“The arts didn’t feel as challenging as physics and maths when I was in school. You make a thing, you present it to a teacher who is contractually obliged to look at it and grade it. But even if we put technical ability aside completely, making a living as an artist is an intriguing challenge and so is connecting with people who aren’t paid to engage with your work. Maybe I found the arts easier than physics and maths in school, but a creative career is definitely more challenging than engineering to me now!
“There is a chance that I will get sick of my creative career and go back to engineering. I was never a very ambitious engineer so it doesn’t bother me that my friends are climbing the professional ladder while I’m sitting here writing about chips. It’s actually lovely not to know that if all fails, I can return to an industry which is chill, intellectually satisfying, and won't exploit my labour. I know engineers who have ended up in other professions such as banking or marketing anyway; I just happened to be self-poached!”
On external expectations
“I felt a bit of pressure to succeed when I was going through university. You’re constantly told that being a woman in engineering is unusual, especially in Mechanical Engineering which became very painfully obvious when we took a women only picture in the fourth year of my degree. In the photo, there were maybe six women from Mechanical Engineering, and maybe four from Mechatronics. I just thought ‘wow, this explains why most of my friends at uni are men!’
So I think you take on both a sense of pride and obligation — and I only get a single layer of this being an able-bodied white woman — you feel as though you’re representing your minority in a sense, which can be super stressful but also empowering. Sometimes you have little girls coming up to you saying, ‘I wanna be an engineer like you!’ and sometimes people ask you to speak at events. These expectations become a strong part of your identity.
“Leaving engineering to become an artist was an emotional process because I felt as though I was betraying womankind. But at the same time, the fact that we have options should be celebrated. My life is not a charity to be lived only for other people so I put all that baggage aside to give it a go. I still find that I'm influenced by the ‘Engineer’ title in my arts career. People with an arts background are stoked that I left engineering, people with a STEM background are impressed that I came from engineering. Some probably take my career change more seriously as a result. I’m going to insult both sides at once and say that I find both opinions a bit elitist. I’m just trying to live my best life and if people enjoy my art, that’s wonderful, but it shouldn’t just be because I’m an engineer.”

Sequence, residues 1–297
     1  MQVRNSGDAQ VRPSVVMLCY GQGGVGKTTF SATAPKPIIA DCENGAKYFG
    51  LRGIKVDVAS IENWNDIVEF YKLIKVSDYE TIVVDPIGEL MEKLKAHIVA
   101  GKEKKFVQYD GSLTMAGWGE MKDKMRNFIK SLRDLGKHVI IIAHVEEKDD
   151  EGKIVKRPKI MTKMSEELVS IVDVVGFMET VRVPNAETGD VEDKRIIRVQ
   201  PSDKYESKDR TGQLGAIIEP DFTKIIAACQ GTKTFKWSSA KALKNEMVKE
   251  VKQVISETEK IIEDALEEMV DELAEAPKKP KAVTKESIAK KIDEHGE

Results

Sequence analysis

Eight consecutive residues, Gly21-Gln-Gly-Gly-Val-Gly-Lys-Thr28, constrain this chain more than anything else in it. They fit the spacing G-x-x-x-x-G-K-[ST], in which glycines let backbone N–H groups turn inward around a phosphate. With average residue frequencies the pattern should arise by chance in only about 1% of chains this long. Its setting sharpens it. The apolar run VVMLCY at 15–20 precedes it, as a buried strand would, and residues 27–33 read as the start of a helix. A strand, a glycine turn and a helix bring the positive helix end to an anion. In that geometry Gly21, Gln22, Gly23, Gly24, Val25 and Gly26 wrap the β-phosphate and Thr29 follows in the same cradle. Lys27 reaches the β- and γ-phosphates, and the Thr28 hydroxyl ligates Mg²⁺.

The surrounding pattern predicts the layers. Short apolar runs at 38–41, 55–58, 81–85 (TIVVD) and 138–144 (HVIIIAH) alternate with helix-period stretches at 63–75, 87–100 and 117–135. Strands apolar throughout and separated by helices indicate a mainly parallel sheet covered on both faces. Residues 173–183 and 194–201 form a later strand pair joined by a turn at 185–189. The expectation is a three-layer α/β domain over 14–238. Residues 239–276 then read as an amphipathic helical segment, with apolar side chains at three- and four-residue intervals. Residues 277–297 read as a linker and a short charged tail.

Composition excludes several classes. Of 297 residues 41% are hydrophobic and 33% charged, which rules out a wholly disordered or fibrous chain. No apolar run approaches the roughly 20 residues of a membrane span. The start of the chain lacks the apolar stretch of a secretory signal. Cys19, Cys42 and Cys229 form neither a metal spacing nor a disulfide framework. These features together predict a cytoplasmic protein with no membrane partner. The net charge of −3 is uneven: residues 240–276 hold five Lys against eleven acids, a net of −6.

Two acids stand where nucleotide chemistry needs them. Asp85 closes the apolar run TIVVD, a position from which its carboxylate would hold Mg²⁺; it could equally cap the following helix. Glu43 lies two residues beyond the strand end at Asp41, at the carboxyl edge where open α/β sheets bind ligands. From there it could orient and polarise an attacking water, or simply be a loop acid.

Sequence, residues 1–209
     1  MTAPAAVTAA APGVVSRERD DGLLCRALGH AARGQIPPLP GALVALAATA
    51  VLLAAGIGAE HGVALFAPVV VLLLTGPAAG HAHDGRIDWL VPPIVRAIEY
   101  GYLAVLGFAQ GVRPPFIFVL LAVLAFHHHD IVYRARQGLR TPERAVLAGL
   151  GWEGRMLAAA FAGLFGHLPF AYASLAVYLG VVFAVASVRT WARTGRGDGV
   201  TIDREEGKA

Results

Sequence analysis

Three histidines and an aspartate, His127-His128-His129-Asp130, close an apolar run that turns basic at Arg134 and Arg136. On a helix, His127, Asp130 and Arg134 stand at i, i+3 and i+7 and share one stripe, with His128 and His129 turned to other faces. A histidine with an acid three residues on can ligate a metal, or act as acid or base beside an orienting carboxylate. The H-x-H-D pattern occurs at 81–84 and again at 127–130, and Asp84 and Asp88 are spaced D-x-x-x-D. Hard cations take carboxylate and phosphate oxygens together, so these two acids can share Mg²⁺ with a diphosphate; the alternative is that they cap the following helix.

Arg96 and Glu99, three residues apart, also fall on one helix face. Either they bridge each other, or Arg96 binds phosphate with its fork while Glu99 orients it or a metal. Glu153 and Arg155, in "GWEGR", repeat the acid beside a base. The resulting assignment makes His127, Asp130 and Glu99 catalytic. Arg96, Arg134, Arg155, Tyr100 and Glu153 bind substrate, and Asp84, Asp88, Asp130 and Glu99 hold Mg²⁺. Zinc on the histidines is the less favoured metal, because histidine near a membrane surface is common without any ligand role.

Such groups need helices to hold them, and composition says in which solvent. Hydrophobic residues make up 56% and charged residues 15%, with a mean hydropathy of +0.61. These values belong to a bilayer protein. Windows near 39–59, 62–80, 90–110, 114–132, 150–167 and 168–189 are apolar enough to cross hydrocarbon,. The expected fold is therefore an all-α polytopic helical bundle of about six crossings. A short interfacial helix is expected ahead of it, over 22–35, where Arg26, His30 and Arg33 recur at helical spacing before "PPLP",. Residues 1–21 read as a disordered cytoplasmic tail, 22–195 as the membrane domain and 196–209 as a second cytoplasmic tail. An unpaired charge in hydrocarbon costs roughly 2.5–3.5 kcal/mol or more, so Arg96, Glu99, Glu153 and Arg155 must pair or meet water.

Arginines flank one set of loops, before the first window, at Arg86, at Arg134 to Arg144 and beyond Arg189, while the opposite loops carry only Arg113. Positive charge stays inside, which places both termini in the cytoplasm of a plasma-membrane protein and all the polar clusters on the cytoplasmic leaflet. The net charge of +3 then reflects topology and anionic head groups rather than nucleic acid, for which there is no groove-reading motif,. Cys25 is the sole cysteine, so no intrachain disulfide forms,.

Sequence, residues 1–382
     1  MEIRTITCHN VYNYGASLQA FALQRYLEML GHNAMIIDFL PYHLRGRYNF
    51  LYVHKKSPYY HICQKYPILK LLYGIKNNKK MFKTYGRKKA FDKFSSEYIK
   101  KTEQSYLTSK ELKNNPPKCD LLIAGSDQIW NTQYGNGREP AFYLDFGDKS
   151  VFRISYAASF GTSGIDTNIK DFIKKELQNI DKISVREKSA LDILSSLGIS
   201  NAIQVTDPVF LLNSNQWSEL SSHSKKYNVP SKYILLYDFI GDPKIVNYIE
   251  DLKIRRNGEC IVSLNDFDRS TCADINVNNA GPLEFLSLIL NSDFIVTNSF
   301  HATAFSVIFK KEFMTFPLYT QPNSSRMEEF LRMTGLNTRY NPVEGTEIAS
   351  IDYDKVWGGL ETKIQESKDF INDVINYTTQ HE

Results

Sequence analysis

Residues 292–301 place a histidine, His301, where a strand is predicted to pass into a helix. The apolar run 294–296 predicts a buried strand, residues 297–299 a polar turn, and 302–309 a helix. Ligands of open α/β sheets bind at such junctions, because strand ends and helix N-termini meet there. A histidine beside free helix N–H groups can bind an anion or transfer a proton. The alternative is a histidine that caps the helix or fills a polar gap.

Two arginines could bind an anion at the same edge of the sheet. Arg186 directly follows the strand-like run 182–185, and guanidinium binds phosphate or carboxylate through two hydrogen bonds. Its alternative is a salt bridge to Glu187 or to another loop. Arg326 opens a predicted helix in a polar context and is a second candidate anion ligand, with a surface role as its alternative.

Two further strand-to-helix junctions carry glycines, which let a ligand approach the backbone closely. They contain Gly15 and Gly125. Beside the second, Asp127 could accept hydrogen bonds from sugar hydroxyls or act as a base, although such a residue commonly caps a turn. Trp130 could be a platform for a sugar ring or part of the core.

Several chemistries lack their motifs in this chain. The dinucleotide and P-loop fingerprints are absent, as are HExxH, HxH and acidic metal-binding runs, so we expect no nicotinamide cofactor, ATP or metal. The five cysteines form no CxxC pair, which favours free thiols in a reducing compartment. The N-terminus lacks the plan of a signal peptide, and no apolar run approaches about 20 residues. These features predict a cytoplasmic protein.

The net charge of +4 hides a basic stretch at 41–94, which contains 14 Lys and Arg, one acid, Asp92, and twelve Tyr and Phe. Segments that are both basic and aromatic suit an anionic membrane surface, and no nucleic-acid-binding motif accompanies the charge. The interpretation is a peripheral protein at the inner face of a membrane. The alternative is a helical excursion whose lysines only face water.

The artist and the engineer
“I probably think about process improvement more than the average person. It’s definitely a factor when I make art. One of the reasons I do digital illustration is because It enables me to streamline my process with ease. I realised that I get the most satisfaction with a large throughput as opposed to spending months on only a few pieces.
I crave connection with people and a breadth of creativity in my work. I take my time when I’m chatting to clients about their needs and I’m patient when it comes to getting the draft just right. When I know what I’m doing conceptually, that’s when I begin to take all my tricks.
“I have a growing library of photos and painted textures which I import into my works to add stylistic flair and easy detail. I optimise my digital brushes so that they use line smoothing or are shaped to do some of the work for me. I am constantly upskilling my use of digital tools through YouTube university so that I know many of the interface shortcuts. I worship the ‘undo’ button. It saves so much time which does not directly add to the value of the art I produce. My illustration tools initially seemed expensive but engineering taught me the importance of using the right tool for the job.
“You also learn so many soft skills in engineering, such as how to work with clients in order to meet a brief. Whenever I wrote a complicated document or procedure in engineering, it would be checked by so many people, each with a different agenda. More times than not, the document would return to me covered in red pen.
You kind of leave your pride behind little by little. Your priorities become less about you, and more about what you are making. Engineering is incredibly teamwork-heavy so you either upskill your emotional intelligence or your life becomes unnecessarily hard. I bring those skills into everything I do, whether when I’m creating a poem or an artwork for a client.
“Engineering taught me to be confident in my ability to learn new things. Even if I haven’t done something before, I know that I am patient and persistent and not above reaching out to others for help. Most people really enjoy giving advice on their areas of expertise, I know I do. When I was in Engineering I knew how important it was to maintain relationships with people across the company and lend help when needed. As a creative I do the same, whenever I find a good poet or artist who lives near to me I'm like, ‘come, be my friend’. Community doesn’t stop being important when you start being self employed.”